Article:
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From what I understand, the trade-off here is a matter of added complexity. Maybe?

It seems (always?) more decoupled to use Dependency Injection, but simpler (to many people) without it.

From what I understand about everything in life, nothing is absolute, and there's a time and place for everything. I'm trying to understand the trade-offs here.

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Not an exact duplicate, since there is a difference between dependency injection and an "IoC container," much as the vendors of the latter would like people to think otherwise. – Steven Huwig Oct 9 '09 at 3:48
This article talks in length about when to use and when not to use DI. – Sheetal Mohan Sharma Dec 16 '10 at 12:55
up vote 5 down vote accepted

Dependency Injection when done correctly (effectively?) certainly does decouple your objects. In my opinion the area where this benefit is realised most is when you use Mock or stub objects in your unit tests. Quite often this means that you will be unit testing less in each individual test, thus making them simpler. This promotion of effective unit tests then often brings its own additional benefits.

I wouldn't necessarily say that DI adds complexity because if the design of a system is inelegant it will be complex whether you use DI or not. It may however add an additional learning curve if you use a DI framework for the first time, the Spring framework for instance.

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Use Dependency Injection when you want to create alternative implementations of a given service type. The canonical example of this is substituting a mock object in place of a service provider for testing purposes.

For example, Dependency Injection allows you to use a "real" database, or a "fake" database that mimics the behavior of the real database. In both cases, the dependency being "injected" has the same interface, but you can swap out the implementation.

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In practice, I find dependency-injection based designs are, while slightly more verbose, a lot easier to deal with because there is more control, less coupling between classes, more flexibility with implementation and allows wider use of existing classes throughout an application.

It depends on how clearly defined or intuitive the dependencies are as well. Coming from a native C++ background, I've found parts in .NET where the dependencies where are plainly obvious and provided a lot of flexibility, but other areas that I just didn't understand at all and couldn't immediately understand the requirements to use a certain piece of code or object, due to a variety of factors including class naming and my knowledge of the system.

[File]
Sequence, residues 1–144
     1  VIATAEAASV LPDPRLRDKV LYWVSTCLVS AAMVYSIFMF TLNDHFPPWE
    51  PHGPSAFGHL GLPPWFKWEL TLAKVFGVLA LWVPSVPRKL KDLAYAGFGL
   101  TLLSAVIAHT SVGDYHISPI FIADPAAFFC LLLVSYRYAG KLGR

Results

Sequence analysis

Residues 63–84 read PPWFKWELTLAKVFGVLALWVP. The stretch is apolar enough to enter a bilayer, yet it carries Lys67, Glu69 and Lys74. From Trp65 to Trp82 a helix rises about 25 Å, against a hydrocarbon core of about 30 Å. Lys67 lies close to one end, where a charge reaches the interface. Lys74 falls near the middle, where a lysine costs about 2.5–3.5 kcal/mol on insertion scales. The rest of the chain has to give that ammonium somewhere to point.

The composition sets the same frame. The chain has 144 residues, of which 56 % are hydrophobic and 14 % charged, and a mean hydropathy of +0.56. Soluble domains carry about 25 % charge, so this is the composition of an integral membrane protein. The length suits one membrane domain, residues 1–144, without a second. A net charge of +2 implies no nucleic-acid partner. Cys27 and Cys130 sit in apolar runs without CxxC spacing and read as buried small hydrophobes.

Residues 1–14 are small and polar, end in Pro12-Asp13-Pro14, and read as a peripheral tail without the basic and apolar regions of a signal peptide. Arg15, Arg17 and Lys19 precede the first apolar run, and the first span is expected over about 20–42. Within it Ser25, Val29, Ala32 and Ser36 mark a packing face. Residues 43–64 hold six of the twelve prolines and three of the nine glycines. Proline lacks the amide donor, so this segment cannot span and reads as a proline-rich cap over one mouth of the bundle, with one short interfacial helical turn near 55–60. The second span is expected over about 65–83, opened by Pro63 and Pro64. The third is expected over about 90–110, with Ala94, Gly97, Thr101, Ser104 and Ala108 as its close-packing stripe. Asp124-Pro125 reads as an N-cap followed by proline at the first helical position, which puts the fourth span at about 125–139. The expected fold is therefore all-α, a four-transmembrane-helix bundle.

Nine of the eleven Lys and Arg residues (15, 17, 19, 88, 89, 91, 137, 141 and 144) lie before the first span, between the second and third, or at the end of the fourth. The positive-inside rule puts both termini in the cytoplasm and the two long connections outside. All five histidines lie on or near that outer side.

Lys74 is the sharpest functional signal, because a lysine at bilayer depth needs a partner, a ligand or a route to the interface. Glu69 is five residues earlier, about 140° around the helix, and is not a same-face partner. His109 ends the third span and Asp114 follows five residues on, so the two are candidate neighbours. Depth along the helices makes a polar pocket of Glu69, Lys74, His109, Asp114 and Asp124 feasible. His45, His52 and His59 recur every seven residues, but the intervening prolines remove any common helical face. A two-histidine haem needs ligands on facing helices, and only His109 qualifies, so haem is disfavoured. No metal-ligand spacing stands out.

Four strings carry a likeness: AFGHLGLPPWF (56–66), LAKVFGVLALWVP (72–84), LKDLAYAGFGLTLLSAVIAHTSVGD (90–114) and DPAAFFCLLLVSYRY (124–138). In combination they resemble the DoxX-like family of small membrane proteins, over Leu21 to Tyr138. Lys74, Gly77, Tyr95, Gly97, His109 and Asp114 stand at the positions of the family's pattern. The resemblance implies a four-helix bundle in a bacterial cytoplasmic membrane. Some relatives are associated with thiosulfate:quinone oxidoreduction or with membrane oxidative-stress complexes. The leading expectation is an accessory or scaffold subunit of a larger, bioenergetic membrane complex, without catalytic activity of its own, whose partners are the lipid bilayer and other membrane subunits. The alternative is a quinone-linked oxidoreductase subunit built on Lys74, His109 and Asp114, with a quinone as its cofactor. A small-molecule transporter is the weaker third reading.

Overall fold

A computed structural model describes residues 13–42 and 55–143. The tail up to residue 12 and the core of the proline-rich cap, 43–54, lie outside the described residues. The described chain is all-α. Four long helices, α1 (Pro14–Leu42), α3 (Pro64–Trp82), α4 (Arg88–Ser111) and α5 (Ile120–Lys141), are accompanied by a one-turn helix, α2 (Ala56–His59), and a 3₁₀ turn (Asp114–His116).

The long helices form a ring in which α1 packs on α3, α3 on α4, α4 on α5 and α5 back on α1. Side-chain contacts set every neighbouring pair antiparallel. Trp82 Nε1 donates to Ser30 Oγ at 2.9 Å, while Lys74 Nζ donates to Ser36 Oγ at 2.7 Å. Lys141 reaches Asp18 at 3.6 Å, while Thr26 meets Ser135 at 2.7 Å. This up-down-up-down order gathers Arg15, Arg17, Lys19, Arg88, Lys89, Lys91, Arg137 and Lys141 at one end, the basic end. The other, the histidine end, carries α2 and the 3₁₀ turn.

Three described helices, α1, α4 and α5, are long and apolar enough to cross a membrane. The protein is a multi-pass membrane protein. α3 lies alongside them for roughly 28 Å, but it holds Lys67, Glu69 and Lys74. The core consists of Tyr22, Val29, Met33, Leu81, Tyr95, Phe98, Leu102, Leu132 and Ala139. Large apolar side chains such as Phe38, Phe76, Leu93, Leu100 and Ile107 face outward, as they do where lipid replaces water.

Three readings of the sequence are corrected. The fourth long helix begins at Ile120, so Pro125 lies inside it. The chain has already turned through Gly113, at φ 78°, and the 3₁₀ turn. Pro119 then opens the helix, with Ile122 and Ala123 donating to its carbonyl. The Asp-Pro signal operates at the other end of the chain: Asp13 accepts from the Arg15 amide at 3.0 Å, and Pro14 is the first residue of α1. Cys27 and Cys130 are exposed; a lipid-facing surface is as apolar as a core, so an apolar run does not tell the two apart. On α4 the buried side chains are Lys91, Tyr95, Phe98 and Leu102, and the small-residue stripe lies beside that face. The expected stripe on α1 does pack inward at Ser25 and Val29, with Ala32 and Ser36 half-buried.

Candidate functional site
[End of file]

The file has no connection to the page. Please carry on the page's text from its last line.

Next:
I say, if you're going to design your code with dependency injection in mind, just try to make the dependencies as clear and intuitive as possible.

That's my idea of it anyhow.

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There is a broad spectrum covered by "dependency injection," from passing in constructor parameters to an XML-configured framework. One happy medium I recently "discovered" covers many of the "mock" cases without needing an actual framework. It's a little bit subversive but is much easier to work with in isolated cases.

You override a factory method inside your main code to run tests with a faked service. Basically it's a tradeoff between abuse of inheritance (with this method) and abuse of configuration (with frameworks). Either way it's "dependency injection," or as we in the real world like to call it, parameterization.

Main code:

public class A {
    // ...
    private service;

    protected Service getService() {
        return new RealService();

    public A() {
        service = getService();
    // ...

Test code:

public class Test {
    void test() {
        final Service fakeService = new FakeService();
        A thingToTest = new A() { 
            protected Service getService() { return fakeService; }
        // ...
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